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Great Omar
Khayyam's debt to Edward Fitzgerald

By Cyrus Kadivar
January 14, 2000
The Iranian

Several years ago whilst strolling on Charlotte Street in London I came across a house with a blue circle which read: Edward Fitzgerald Lived Here. For me, an Iranian living away from my beloved roses and nightingales, this was a rather special discovery.

Few people know that Fitzgerald's "translation" into English of Omar Khayyam's Rubaiyat is probably the best-selling book in the entire history of English poetry. It exists in many editions probably more than two hundred, according to one collector. Enjoying massive popularity throughout the 20th century, many people have carried it around, taken it to war, kept it in the car, ordered it for reading on a putative desert island.

The memorable quatrains appeal to all classes and conditions of men and women; they are still treasured by millions. It is perhaps true to say that with no Fitzgerald there would have been no Omar. Recovering from the end of an unhappy marriage, this middle-aged Victorian gentleman set himself to the task of translating into English a hundred or so lyric stanzas (rubais) written by an 11th century Persian astronomer.

Fitzgerald found great consolation in Khayyam's skeptical, sensuous poems, which extol the virtues of living deeply in the present moment. Preserving the Persian poet's graceful four-line verse form, Fitzgerald edited, embellished, and arranged the quatrains in dramatic sequence, making his contribution far more than that of mere translator. In 1859 when he published the Rubaiyat anonymously it was an immediate success.

My own interest in Fitzgerald was rekindled in 1992 with the translation from French of Amin Maalouf's Samarkand, a brilliant novel re-creating the history of the manuscript of the Rubaiyat of Omar Khayyam.

Then last spring fate introduced me to Shepherd's Bookbinders. Entering the shop on 76 Rochester Row I enquired about a poster of Fitzgerald's Rubaiyat displayed prominently behind the window. A charming English girl with a lovely rosy complexion informed me that an exhibition of their bookbinding activities had been held the previous autumn and that she had chosen this special book bound by the famous craft bookbinding firm of Sangorski & Sutcliffe as the centre-piece.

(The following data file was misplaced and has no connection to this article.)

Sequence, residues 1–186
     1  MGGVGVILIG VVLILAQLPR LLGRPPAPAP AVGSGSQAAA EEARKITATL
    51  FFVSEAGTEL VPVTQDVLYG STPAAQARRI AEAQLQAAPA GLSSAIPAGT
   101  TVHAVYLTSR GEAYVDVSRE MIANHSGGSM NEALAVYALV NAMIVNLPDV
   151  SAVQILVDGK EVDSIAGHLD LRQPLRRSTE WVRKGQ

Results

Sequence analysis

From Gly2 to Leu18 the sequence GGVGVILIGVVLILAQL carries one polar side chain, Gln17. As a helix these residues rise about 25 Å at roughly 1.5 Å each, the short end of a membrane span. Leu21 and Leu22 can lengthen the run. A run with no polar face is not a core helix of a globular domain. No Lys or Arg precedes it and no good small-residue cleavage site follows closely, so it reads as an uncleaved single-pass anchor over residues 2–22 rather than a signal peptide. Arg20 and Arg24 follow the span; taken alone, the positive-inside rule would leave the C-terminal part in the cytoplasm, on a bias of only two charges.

This exquisitely bound edition of The Rubaiyat of Omar Khayyam was lost when it went down with the Titanic in 1912, she said. It took two years of continuous work to create the Great Omar, boasting over 1,000 precious and semi-precious stones and 1,500 separate pieces of leather. The binding is recognised as one of the finest examples of the bookbinder's craft. The only visual record of the book is an old black and white photograph and recently discovered glass negative. With the help of the original patterns and contemporary descriptions the binding has been recreated digitally to actual size by Richard Green and Trickles & Webb.

I decided to buy the poster and have it framed and hung in my living room above my bookshelves. Today, everytime I look at the Great Omar, as the book is affectionately known, I cannot help feeling nostalgic at the loss of such a stunning thing. The Great Omar now lies in an oak casket at the bottom of the Atlantic. Another copy was destroyed during the Blitz during WW2 and the third edition is locked up somewhere in the British Library.

Fitzgerald died on 14th June 1883 at George Crabbe's rectory, Merton, Norfolk. In Boulge churchyard the great man's tombstone is said to be covered by rambler roses imported from my hometown Shiraz.

Ah, my beloved, fill the cup that clears
Today of past regrets and future fears- Tomorrow? -
Why, tomorrow I may be
Myself with yesterday's seven thousand

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